Unless you’re a Star Trek superfan — or one of millions of people who enjoyed HBO’s “Band of Brothers” — Erik Jendresen may not necessarily be a name you immediately recognize.
But for a short time in 2005, Jendresen was the biggest name Star Trek had to offer. It was back then Jendresen was paired with producer Jordan Kerner to write what was supposed to be the one last shot to resurrect Star Trek from the disaster that was 2002’s “Nemesis.”
Yet, Jendresen wasn’t a Star Trek fan. He wasn’t even a science-fiction fan. And here he was, sitting with Gene Roddenberry’s creation in his hands, ready to mold it into something bold and new. But he would never get that chance.
No sooner did Jendresen finish the first draft of “Star Trek: The Beginning,” but the man who hired him — Donald De Line — was fired from his job as studio head at Paramount. The new guard, under the leadership of Gail Berman, wanted a completely different direction — they wanted Star Trek to be dead. And it would take a producer known more for his television work than anything else to bring the franchise back.
“What happens in Hollywood — and it does sort of make sense, it’s tragic — then there is a regime change at a studio or network, the incoming executive or president essentially wipes the shelf clean,” Jendresen recently told Alpha Waves Radio host Michael Hinman. “It’s a tabula rasa, because they will very rarely pursue developing something that their predecessors developed, because if it’s a success, they can’t really take credit for it. But if it’s a failure, they look like idiots.”
Berman had Jendresen’s script in hand, but she wasn’t going to take that risk. Not with Jendresen. Not with anyone, it seemed.
“There was never a second draft done,” Jendresen said of his script. “It was literally the first draft delivered the same week that the (Paramount) hierarchy left. Gail Berman came in as president and essentially, I think, decided they were going to end the franchise and not pursue a franchise at all. And then J.J. stepped up with his idea.”
J.J., of course, as in J.J. Abrams.
Jendresen’s story would have focused on a progenitor of James T. Kirk — Tiberius Chase — right after a fleet of Romulan ships arrive at Earth, looking to rid the planet — and the rest of the galaxy — of Vulcans. Chase is able to take out a mother ship leading the drone army, and then ends up on an experimental ship on his way to Romulus, to attack the empire at its very heart.
Even with nothing more than a first draft done, Jendresen did map out some of what he would expect to do in a second movie. But didn’t think too much about the third, because he simply never got the chance.
Yet, even though “The Beginning” was meant of the silver screen of more than a decade ago, there are many aspects of Jendresen’s story that might work well on another medium — television. And CBS seems to be looking to mine Star Trek ideas from just about anywhere. Maybe even all the way back to, well, “The Beginning.”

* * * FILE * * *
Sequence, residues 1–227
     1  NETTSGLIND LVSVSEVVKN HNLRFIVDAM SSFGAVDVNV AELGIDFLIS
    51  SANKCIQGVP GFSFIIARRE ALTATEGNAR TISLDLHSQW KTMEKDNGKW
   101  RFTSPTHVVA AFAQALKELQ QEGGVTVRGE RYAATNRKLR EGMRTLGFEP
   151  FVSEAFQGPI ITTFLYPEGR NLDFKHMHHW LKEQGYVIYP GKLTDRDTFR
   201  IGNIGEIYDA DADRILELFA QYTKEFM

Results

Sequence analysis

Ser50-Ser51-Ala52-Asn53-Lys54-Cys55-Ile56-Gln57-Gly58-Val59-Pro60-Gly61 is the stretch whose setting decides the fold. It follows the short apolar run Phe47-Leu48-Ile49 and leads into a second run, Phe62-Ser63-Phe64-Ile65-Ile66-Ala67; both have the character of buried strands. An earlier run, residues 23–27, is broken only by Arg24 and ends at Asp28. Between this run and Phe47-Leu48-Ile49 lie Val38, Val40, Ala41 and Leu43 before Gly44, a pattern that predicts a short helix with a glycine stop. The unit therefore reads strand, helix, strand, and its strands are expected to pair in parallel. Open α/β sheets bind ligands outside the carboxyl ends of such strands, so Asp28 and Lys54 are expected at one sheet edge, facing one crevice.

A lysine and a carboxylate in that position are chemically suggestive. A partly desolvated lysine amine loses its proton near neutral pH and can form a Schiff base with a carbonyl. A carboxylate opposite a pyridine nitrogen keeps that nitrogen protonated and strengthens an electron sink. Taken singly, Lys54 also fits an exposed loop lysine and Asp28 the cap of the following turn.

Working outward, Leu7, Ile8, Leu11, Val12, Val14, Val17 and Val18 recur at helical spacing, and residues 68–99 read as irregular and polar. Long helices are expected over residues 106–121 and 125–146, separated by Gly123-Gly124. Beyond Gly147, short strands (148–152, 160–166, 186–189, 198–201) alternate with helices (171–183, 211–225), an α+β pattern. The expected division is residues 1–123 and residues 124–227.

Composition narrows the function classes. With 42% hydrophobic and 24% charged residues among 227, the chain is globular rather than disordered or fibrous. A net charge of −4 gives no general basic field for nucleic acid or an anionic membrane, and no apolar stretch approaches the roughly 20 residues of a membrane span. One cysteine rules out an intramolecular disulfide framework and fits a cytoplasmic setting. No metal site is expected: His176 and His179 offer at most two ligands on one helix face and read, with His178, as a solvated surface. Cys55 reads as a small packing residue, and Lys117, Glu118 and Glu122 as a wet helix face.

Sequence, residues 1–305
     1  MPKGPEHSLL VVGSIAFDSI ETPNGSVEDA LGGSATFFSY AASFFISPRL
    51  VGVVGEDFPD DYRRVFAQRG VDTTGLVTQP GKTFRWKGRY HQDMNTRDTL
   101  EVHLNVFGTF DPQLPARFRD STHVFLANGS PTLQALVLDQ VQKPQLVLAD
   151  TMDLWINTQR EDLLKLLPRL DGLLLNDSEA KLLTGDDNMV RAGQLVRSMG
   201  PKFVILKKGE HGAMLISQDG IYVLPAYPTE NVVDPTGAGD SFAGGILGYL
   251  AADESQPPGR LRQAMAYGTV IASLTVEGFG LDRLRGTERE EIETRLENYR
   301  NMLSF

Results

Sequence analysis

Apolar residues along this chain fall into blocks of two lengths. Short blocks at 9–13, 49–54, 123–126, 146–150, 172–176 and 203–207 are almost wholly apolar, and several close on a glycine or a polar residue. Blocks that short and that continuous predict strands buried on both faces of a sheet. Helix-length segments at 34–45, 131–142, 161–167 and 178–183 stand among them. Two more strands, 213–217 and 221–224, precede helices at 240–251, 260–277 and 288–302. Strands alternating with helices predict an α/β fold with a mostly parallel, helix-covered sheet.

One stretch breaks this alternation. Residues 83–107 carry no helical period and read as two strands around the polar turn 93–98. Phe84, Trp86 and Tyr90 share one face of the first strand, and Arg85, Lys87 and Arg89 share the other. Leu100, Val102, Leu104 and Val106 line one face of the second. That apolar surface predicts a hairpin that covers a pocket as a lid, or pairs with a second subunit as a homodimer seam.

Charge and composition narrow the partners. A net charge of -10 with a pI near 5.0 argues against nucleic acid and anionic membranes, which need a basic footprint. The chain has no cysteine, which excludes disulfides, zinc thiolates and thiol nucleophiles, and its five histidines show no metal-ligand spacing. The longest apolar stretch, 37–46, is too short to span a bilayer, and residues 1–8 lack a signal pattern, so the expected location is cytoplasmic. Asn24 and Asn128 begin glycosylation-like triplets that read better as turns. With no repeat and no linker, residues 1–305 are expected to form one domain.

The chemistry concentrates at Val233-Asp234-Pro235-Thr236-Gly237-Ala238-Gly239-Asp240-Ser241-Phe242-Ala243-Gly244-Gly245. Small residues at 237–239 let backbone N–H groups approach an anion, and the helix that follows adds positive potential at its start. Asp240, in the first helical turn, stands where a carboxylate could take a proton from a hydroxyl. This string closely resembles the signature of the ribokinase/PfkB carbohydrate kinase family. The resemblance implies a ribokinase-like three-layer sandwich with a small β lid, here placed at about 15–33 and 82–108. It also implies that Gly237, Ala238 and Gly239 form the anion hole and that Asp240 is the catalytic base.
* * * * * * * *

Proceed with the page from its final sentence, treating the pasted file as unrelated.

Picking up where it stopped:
“All writers in Hollywood, working in Hollywood, have a sock drawer filled with usually very honed scripts, that often been through multiple drafts and hopefully good development,” Jendresen said. For his story, “it’s a whole world. They are the progenitors of many characters.” And there would be a lot of great stories to tell — especially on the slow journey back from Romulus to Earth, which was supposed to embody the second film in the trilogy.
Jendresen said he would even come back to the franchise and work on such a television adaptation if he were asked. “It would be very gratifying to come back with it at some point and take part in it,” he said. “I must say that by the time I was through the process and delivered the script, I had turned myself into a fan.”
But there is a problem. CBS is making television shows, but if they even wanted to consider Jendresen’s story, they would have to acquire it from Paramount — now part of a completely separate company following the Viacom split of 2006. Paramount may have never made “The Beginning” into a film, but they still own Jendresen’s work, and it might not be the right time to pick it up.
The Earth-Romulan War has been part of the Star Trek mythos almost from the very beginning, going all the way back to the original series. Yet, Jendresen describes that part of canon as the “G” volume in a set of Encyclopedia Brittanica that was never opened.
“As far as I’m concerned, the only annoying thing about it to me — and it happens to all writers, and all writers/producers in television — is that the story of the Earth-Romulan War hasn’t been told,” Jendresen said. “It’s still out there to be told at some point.”
Hear the full interview with Erik Jendresen right now on Alpha Waves Radio, the weekly podcast hosted by Michael Hinman, that airs for free Tuesdays at 7 p.m. ET on Odyssey, and can be streamed anytime at the radio show’s Patreon page.